If history is a guide – and it is – this ‘Magic Round’ will need to be really magic if sides outside the current top eight are any chance of September appearances, let alone glory.
A close examination of the history of the NRL after Round 8 shows that, while there is the likelihood of some changes in the ladder, where teams are sitting right now is likely to be where they finish at the end of the home-and-away season, and that the contenders for the wooden spoon and the premiership are getting very clear.
Let’s first look at the cellar dwellers.
NRL Wooden spooners – ladder position after Round 8
*in 2002 the Bulldogs officially finished last, but the Rabbitohs had the fewest wins.
**in 2010 the Storm officially finished last, but the Cowboys had the fewest wins.
As you can see, there are a few clear trends here:
So the chances are very high that the 2019 wooden spooners are already rooted to the bottom of the table. Those figures would not sit well at all with the Warriors, Broncos, Titans, Panthers and especially the Bulldogs, as the side with the worst points differential routinely comes last.
So what chances, then, does a side that is not presently in the top eight have of making it into the finals?
Changes to top eight after Round 8
|Year||Changes||Teams out||Teams in|
|2018||Two||Wests Tigers and Knights||Sharks and Broncos|
|2017||Two||Dragons and Raiders||Eels and Panthers|
|2016||Two||Sea Eagles and Eels||Panthers and Titans|
|2015||Three||Titans, Wests Tigers and Panthers||Roosters, Bulldogs and Sharks|
|2014||Two||Titans and Wests Tigers||Cowboys and Storm|
|2013||Two||Titans and Broncos||Sharks and Bulldogs|
|2012||Two||Dragons and Knights||Raiders and Rabbitohs|
|2010||Two||Rabbitohs and Eels||Warriors and Raiders|
|2009||Two||Rabbitohs and Panthers||Sea Eagles and Eels|
|2008||Three||Knights, Wests Tigers, Titans||Raiders, Dragons and Warriors|
|2007||Two||Wests Tigers and Sharks||Eels and Broncos|
|2006||Three||Dragons, Raiders, Eels||Cowboys, Sharks and Roosters|
|2005||Three||Raiders, Panthers and Warriors||Eels, Dragons and Wests Tigers|
|2002||Three||Storm, Wests Tigers and Bulldogs*||Sharks, Dragons and Raiders|
|2000||Two||Wests Tigers and Northern Eagles||Storm and Eels|
|1999||Three||Raiders, Panthers and Bears||Eels, Dragons and Broncos|
*Bulldogs stripped of all points for salary cap breaches
^1998 had a ten team finals series
All is not totally lost for a side presently outside the eight hoping to rectify that by the end of the home-and-away season. Of the 168 available finals spots over the past 21 seasons, 43 of them (25.6 per cent) have been grabbed by sides that were out of the top eight after Round 8.
These figures show a few sides that frequently get off to good starts and then fall away to miss the finals:
Conversely, there are a few sides that often come home with a wet sail:
However, this then brings us to the next factor: the top four. No side in the NRL era has won the premiership if they have finished the home-and-away season outside the top four.
History shows that after Round 8 that sides do regularly force their way into the top four by season’s end.
Changes to top four after Round 8
|Year||Changes||Teams out||Teams in|
|2018||Three||Dragons, Warriors and Panthers||Roosters (8th), Rabbitohs and Sharks|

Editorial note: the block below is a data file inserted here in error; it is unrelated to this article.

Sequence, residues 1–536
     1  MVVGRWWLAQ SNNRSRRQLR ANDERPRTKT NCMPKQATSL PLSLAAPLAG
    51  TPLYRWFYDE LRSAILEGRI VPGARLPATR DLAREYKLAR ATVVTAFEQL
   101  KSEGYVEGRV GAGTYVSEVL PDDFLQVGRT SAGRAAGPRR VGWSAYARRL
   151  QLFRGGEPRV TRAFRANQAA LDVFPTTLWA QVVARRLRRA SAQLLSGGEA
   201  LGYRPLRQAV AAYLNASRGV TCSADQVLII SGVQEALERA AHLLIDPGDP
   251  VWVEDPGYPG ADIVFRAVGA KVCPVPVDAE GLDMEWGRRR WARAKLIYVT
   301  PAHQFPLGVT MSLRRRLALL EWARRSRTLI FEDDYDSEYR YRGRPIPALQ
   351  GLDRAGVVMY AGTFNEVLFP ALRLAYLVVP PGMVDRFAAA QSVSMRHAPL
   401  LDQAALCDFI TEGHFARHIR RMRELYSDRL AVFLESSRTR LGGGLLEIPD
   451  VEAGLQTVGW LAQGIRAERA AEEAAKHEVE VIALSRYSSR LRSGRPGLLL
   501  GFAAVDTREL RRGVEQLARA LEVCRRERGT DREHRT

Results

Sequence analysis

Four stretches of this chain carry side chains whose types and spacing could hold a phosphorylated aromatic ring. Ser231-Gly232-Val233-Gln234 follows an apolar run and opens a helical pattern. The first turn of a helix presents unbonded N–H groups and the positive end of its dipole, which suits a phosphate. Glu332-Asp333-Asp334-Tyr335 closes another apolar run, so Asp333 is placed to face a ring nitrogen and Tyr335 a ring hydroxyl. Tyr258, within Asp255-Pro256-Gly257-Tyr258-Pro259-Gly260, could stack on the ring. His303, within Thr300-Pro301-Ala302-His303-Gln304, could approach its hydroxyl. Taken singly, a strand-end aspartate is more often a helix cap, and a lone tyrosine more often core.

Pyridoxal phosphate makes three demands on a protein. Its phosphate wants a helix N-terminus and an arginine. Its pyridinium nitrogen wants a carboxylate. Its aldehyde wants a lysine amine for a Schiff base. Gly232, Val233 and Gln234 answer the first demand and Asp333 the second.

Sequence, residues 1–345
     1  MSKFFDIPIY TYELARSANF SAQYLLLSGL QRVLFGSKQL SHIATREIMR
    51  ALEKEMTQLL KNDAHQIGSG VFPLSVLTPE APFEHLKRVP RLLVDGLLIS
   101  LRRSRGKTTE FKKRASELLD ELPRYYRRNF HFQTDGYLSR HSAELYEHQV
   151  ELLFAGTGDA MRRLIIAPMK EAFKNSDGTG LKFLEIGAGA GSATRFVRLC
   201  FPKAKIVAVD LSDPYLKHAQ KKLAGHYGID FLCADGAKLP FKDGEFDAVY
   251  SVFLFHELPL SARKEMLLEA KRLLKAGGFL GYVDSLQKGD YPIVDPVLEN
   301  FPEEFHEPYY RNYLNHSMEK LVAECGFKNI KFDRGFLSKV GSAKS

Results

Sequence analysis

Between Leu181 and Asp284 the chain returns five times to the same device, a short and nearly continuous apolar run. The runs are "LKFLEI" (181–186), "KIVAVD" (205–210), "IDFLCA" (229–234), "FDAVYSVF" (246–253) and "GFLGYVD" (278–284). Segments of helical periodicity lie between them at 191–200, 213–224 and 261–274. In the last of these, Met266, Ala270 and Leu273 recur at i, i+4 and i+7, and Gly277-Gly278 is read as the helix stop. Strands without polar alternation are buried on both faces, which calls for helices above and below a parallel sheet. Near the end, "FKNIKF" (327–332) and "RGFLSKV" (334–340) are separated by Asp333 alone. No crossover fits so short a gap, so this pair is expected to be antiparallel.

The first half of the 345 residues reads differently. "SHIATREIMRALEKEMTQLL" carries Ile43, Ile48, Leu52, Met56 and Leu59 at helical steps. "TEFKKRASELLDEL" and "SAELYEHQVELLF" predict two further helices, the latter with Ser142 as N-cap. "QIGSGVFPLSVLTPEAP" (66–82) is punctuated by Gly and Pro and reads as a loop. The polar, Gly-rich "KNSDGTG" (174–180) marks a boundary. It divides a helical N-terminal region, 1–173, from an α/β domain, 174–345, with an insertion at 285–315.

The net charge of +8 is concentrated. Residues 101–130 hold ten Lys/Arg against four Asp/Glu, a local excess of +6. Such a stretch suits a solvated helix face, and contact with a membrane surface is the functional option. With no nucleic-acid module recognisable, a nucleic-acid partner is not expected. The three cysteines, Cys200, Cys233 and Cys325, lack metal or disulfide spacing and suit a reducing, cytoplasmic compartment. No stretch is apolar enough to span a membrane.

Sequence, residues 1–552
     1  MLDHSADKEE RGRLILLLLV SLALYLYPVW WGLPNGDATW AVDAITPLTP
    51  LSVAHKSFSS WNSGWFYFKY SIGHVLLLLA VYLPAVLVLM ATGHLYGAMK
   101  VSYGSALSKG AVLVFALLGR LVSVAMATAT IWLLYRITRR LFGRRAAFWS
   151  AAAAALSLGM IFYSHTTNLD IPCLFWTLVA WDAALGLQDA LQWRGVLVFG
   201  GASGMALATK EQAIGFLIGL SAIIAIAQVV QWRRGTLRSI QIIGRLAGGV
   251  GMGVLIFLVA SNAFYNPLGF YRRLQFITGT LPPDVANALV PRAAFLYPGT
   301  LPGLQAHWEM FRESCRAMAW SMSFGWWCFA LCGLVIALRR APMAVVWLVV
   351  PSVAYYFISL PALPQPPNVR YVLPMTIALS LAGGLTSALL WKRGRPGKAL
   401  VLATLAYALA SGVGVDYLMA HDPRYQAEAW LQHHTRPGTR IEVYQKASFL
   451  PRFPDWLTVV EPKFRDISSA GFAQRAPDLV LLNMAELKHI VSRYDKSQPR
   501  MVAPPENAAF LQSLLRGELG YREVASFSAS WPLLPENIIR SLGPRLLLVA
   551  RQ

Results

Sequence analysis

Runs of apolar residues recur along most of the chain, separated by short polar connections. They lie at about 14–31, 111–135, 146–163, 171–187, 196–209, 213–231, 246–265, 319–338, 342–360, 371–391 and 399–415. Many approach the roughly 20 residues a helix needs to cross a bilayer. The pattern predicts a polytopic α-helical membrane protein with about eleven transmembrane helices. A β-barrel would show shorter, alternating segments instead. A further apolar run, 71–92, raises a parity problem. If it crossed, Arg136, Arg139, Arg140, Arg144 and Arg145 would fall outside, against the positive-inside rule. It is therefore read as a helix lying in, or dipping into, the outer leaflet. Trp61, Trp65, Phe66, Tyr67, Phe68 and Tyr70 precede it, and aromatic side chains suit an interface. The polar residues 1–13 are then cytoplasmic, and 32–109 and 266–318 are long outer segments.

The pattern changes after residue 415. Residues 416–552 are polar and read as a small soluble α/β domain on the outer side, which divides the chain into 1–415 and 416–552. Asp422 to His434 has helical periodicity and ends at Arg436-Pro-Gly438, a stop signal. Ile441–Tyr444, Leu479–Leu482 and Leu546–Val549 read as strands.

|2017||Two||Dragons (9th) and Sharks||Broncos and Eels|
|2014||Three||Bulldogs, Wests Tigers (15th) and Titans (9th)||Roosters, Panthers and Rabbitohs (7th)|
|2012||Three||Sharks, Broncos and Dragons||Bulldogs, Rabbitohs and Sea Eagles|
|2011||Two||Dragons and Cowboys||Sea Eagles (5th) and Wests Tigers|
|2010||One||Sea Eagles||Wests Tigers|
|2008||Two||Titans (3rd) and Broncos||Sharks and Roosters|
|2005||Three||Cowboys, Sharks and Sea Eagles||Eels, Dragons and Wests Tigers (10th)|
|2003||Two||Broncos and Storm||Panthers (8th) and Bulldogs|
|2002||One||Bulldogs (3rd)*||Roosters (7th)|
|2001||Two||Broncos and Roosters||Eels and Bulldogs|
|2000||Two||Sharks and Wests Tigers (4th)||Roosters and Knights|
*Bulldogs stripped of all points for salary cap breaches.
^1998 had a ten team finals series.
In the ‘teams out’ column an italicised team failed to make the finals, with the figure in brackets where they were placed after Round 8.
In the ‘teams in’ column an italicised team won the premiership, with the figure in brackets where they were placed after Round 8.
Of the 84 available top-four spots over the 21 seasons of the NRL, 33 of them (39.3 per cent) have been taken by sides that weren’t in the top four after Round 8. That’s an average of 1.6 changes per season.
Of those 33 sides that have forced their way into the top four at the end of the home-and-away season after a lesser start, only seven of them (21.2 per cent) have won the premiership.
Only one of those victorious sides – the Wests Tigers in 2005 – were outside the top eight after Round 8.
So where were the eventual premiers placed at the conclusion of Round 8 in their respective seasons?
NRL premiers after Round 8
The huge and overwhelming stat here is that two-thirds of the time the eventual premier is already now in the top four. That means things look the best for the Roosters, Rabbitohs, Raiders and Storm.
In almost a third of occasions the eventual premier was sitting on top of the NRL ladder at the end of Round 8.
Again, only once out of 21 seasons – 2005 – was the eventual premier not in the top eight by the end of Round 8.
So for all of those sides from ninth position downwards, they’d better be weaving some pretty special magic indeed this magic round if they are any chance of glory in October.